We define the degree of to be the number of universal quantifier blocks, separated by existential quantifier blocks as shown above, in the matrix of . The following lemma, which Gödel adapted from Skolem's proof of the Löwenheim-Skolem theorem, lets us sharply reduce the complexity of the generic formula for which we need to prove the theorem:
Lemma. Let k>=1. If every formula in R of degree k is either refutable or satisfiable, then so is every formula in R of degree k+1.
Proof. Let φ be a formula of degree k+1; then we can write it as
where (P) is the remainder of the prefix of (it is thus of degree k-1) and is the quantifier-free matrix of . x, y, u and v denote here tuples of variables rather than single variables; e.g. really stands for where are some distinct variables.
Let now x' and y' be tuples of previously unused variables of the same length as x and y respectively, and let Q be a previously unused relation symbol which takes as many arguments as the sum of lengths of x and y; we consider the formula
Clearly, is provable.
Now since the string of quantifiers does not contain variables from x or y, the following equivalence is easily provable with the help of whatever formalism we're using:
And since these two formulas are equivalent, if we replace the first with the second inside Φ, we obtain the formula Φ' such that Φ≡Φ':
Now Φ' has the form , where (S) and (S') are some quantifier strings, ρ and ρ' are quantifier-free, and, furthermore, no variable of (S) occurs in ρ' and no variable of (S') occurs in ρ. Under such conditions every formula of the form , where (T) is a string of quantifiers containing all quantifiers in (S) and (S') interleaved among themselves in any fashion, but maintaining the relative order inside (S) and (S'), will be equivalent to the original formula Φ'(this is yet another basic result in first-order predicate calculus that we rely on). To wit, we form Ψ as follows:
and we have .
Now is a formula of degree k and therefore by assumption either refutable or satisfiable. If is satisfiable in a structure M, then, considering , we see that is satisfiable as well. If is refutable, then so is which is equivalent to it; thus is provable. Now we can replace all occurrences of Q inside the provable formula by some other formula dependent on the same variables, and we will still get a provable formula. (This is yet another basic result of first-order predicate calculus. Depending on the particular formalism adopted for the calculus, it may be seen as a simple application of a "functional substitution" rule of inference, as in Gödel's paper, or it may be proved by considering the formal proof of , replacing in it all occurrences of Q by some other formula with the same free variables, and noting that all logical axioms in the formal proof remain logical axioms after the substitution, and all rules of inference still apply in the same way.)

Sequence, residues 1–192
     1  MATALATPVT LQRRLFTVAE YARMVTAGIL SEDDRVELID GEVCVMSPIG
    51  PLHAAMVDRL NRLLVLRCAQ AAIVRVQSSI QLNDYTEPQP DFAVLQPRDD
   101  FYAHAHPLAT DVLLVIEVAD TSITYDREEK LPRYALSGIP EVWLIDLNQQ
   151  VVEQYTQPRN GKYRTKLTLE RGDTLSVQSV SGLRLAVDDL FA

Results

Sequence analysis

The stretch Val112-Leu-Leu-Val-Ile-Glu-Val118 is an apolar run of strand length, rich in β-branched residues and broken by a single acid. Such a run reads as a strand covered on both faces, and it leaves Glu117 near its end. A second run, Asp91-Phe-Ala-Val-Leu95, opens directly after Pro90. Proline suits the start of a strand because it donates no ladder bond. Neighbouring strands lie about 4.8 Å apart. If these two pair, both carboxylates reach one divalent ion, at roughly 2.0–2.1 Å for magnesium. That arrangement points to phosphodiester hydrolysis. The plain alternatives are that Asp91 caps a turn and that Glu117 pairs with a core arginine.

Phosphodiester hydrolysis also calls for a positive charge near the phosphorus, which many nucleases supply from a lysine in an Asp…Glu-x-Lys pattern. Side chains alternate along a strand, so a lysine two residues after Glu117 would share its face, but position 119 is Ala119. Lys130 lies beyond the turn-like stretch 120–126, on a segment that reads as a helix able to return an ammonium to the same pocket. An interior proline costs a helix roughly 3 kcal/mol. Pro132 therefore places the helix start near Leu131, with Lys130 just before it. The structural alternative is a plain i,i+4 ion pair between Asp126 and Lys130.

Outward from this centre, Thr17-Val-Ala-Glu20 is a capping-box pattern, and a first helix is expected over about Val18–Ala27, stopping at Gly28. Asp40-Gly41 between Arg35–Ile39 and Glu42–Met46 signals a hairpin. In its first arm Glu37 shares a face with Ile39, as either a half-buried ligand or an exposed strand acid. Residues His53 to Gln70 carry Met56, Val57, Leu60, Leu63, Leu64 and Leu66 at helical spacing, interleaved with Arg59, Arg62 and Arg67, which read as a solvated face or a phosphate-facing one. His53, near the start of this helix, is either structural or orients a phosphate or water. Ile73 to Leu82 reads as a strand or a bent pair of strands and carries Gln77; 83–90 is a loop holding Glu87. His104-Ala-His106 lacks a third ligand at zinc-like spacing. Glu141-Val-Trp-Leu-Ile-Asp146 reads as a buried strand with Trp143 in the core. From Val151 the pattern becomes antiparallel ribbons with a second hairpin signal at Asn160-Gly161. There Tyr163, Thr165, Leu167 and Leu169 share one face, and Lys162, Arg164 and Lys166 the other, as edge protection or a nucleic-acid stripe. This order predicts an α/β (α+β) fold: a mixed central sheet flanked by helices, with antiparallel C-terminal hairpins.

In this particular case, we replace Q(x',y') in with the formula . Here (x,y|x',y') means that instead of ψ we are writing a different formula, in which x and y are replaced with x' and y'. Note that Q(x,y) is simply replaced by .
and this formula is provable; since the part under negation and after the sign is obviously provable, and the part under negation and before the sign is obviously φ, just with x and y replaced by x' and y', we see that is provable, and φ is refutable. We have proved that φ is either satisfiable or refutable, and this concludes the proof of the Lemma.
Notice that we could not have used instead of Q(x',y') from the beginning, because would not have been a well-formed formula in that case. This is why we cannot naively use the argument appearing at the comment which precedes the proof.
As shown by the Lemma above, we only need to prove our theorem for formulas φ in R of degree 1. φ cannot be of degree 0, since formulas in R have no free variables and don't use constant symbols. So the formula φ has the general form:
Now we define an ordering of the k-tuples of natural numbers as follows: should hold if either , or , and precedes in lexicographic order. [Here denotes the sum of the terms of the tuple.] Denote the nth tuple in this order by .
Set the formula as . Then put as
Lemma: For every n, .
Proof: By induction on n; we have , where the latter equivalence holds by variable substitution, since the ordering of the tuples is such that . Each conjunct here obviously follows from φ.